Color Mode
  • Use system setting
  • Light mode
  • Dark mode
  • Subscribe to our Newsletter Newsletter
    Follow us on Twitter Twitter
    RSS Feed RSS

    How to build a large disk server for hosting GoEthereum full node

    In this blog post, we briefly cover how to prepare a server to host a high-performance GoEthereum full node, like one needed for Binance Smart Chain, Polygon, Avalanche or Harmony One. The audience of this guide are developers who need to do a high volume, millions to billions, of JSON-RPC API requests and they greatly benefit from the low latencies and network bandwidth of running GoEthereum locally.

    Running your own node is a much more efficient approach than using any of free or commercial Ethereum JSON-RPC API service providers for your blockchain data read needs.

    Getting a server

    You cannot run the world financial system on Amazon EC2 instance or Raspberry Pi. The disk IO is too slow.

    Demanding blockchain full nodes, also knows as blockchain clients, need a server with a fast NVMe SSD disk and plenty of disk space. Your best bet for affordable servers is Hetzner.

    Here is a sample server that is with added 2 * 2 TB SSD disks.

    Setting up the server and partitioning the disk

    All information on the full node is discardable - it is public data after all. Thus, to maximize the disk space utilisation we set 2 x 2 TB disks in RAID0, which gives us a total of 4 TB available disk space with doubled read and write speed.

    For Hetzner, they offer a rescue tool that allows you to reinstall the operating system and partition the disk. For this step, advanced Linux administration skills are recommended.

     We set up the operating system using Hetzner's installimage.

    The Hetzner server comes with 1x512 GB root disks and our additional 2X2TB disk. installimage cannot handle any advanced RAID setup, so we do it later on the Linux root command prompt after booting the server. Here we just declare the root and boot partitions.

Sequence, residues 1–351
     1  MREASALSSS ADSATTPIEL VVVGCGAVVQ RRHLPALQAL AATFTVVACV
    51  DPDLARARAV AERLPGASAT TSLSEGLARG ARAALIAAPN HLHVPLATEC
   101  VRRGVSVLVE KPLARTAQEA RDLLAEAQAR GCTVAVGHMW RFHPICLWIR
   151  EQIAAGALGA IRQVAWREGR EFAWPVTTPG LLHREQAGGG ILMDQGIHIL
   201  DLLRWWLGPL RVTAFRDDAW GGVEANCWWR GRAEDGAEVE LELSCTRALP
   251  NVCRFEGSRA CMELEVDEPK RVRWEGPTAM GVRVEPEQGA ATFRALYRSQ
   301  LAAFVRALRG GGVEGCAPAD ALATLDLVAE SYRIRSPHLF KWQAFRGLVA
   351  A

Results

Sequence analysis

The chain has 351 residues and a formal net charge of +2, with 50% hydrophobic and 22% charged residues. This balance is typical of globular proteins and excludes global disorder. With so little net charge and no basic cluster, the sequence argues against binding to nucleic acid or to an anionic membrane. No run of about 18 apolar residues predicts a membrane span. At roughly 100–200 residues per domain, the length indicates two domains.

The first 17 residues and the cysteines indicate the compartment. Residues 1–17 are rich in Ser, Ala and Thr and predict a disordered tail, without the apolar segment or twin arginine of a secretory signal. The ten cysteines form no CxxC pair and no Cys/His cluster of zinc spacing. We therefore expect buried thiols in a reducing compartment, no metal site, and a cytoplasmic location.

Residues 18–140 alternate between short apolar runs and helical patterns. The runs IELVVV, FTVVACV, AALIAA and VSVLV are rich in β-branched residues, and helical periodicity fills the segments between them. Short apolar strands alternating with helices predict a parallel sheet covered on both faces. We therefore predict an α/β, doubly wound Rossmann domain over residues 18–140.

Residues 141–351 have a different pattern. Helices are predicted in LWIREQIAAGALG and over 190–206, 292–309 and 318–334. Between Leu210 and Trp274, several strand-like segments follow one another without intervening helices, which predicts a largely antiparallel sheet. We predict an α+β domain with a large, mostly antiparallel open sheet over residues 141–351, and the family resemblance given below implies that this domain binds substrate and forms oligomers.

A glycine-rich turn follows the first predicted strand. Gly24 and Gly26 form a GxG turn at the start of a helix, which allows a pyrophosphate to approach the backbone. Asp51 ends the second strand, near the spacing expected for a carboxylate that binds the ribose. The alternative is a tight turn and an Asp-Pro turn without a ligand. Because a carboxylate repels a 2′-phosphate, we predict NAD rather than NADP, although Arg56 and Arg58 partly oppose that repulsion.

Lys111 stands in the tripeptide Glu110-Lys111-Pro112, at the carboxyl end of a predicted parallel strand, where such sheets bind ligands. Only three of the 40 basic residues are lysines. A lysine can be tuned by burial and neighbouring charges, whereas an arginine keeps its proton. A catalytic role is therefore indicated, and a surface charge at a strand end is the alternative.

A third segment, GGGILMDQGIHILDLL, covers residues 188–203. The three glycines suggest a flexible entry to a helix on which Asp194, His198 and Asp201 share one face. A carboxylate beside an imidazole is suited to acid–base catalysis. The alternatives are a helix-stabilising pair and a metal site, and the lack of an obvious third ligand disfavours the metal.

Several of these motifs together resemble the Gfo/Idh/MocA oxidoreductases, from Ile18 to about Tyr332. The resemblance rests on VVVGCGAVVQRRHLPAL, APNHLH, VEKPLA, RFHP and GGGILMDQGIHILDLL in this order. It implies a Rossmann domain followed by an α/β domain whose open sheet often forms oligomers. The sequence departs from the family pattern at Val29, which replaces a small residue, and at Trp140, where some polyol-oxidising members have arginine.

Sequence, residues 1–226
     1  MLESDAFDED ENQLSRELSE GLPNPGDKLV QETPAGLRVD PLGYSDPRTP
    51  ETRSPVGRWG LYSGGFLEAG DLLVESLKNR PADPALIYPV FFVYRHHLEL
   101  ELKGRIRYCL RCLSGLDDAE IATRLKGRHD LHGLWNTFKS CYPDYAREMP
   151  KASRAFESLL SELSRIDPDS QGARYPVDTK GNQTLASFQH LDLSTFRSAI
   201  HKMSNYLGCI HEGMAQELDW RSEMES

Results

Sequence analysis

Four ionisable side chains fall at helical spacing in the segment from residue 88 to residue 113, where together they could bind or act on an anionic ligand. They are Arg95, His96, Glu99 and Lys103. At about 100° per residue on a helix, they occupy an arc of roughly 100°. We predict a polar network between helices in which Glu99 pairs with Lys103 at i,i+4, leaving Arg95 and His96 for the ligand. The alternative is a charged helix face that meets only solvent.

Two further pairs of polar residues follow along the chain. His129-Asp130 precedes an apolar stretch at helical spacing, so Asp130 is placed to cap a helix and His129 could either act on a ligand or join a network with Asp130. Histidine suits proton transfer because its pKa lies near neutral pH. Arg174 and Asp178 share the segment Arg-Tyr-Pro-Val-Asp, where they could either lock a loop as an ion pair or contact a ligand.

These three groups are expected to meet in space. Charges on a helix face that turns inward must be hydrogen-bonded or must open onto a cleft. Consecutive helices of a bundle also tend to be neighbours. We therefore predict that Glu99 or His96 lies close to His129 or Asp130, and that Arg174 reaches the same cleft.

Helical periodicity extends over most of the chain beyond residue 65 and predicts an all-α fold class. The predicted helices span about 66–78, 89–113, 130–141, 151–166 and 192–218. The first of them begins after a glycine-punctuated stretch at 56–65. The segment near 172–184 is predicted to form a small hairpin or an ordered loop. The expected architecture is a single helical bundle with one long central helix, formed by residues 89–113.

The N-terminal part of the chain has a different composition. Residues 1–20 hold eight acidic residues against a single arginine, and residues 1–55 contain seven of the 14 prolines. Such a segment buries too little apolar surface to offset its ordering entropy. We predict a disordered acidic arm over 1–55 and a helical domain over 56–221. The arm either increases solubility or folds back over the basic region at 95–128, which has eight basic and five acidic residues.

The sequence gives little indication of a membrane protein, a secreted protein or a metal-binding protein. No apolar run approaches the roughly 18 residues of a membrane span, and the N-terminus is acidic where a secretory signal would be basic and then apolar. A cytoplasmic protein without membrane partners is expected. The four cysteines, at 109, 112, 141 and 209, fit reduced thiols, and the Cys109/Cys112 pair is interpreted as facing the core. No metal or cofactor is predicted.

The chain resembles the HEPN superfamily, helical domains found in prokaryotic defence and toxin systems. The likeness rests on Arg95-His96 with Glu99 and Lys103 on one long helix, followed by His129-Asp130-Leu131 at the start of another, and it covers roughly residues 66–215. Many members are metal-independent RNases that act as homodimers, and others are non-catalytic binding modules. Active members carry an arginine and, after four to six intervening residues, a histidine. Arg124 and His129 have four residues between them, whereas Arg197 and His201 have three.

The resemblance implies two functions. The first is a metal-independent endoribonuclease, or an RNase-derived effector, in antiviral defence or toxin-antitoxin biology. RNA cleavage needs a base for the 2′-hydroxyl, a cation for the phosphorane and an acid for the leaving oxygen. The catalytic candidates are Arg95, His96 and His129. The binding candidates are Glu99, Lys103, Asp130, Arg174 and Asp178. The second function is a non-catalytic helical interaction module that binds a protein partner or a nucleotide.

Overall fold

We also choose xfs over ext4, as the former tend to work better with large volume.

    Setting up the large RAID0 partition for the GoEthereum full node

    Our server boots up with Ubuntu 20.04 installed and we can SSH in for the first time. We follow the RAID set up instructions from kernel.org.

    First let's see how Hetzner installimage partitioned our disks.

    fdisk --list
    Disk /dev/nvme0n1: 476.96 GiB, 512110190592 bytes, 1000215216 sectors
    Disk model: WDC PC SN720 SDAPNTW-512G
    Units: sectors of 1 * 512 = 512 bytes
    Sector size (logical/physical): 512 bytes / 512 bytes
    I/O size (minimum/optimal): 512 bytes / 512 bytes
    Disklabel type: dos
    Disk identifier: 0xfbb3d767
    
    Device         Boot    Start        End   Sectors   Size Id Type
    /dev/nvme0n1p1          2048   33556479  33554432    16G fd Linux raid autodetect
    /dev/nvme0n1p2      33556480   34605055   1048576   512M fd Linux raid autodetect
    /dev/nvme0n1p3      34605056 1000213167 965608112 460.4G fd Linux raid autodetect
    
    
    Disk /dev/nvme1n1: 476.96 GiB, 512110190592 bytes, 1000215216 sectors
    Disk model: SAMSUNG MZVL2512HCJQ-00B00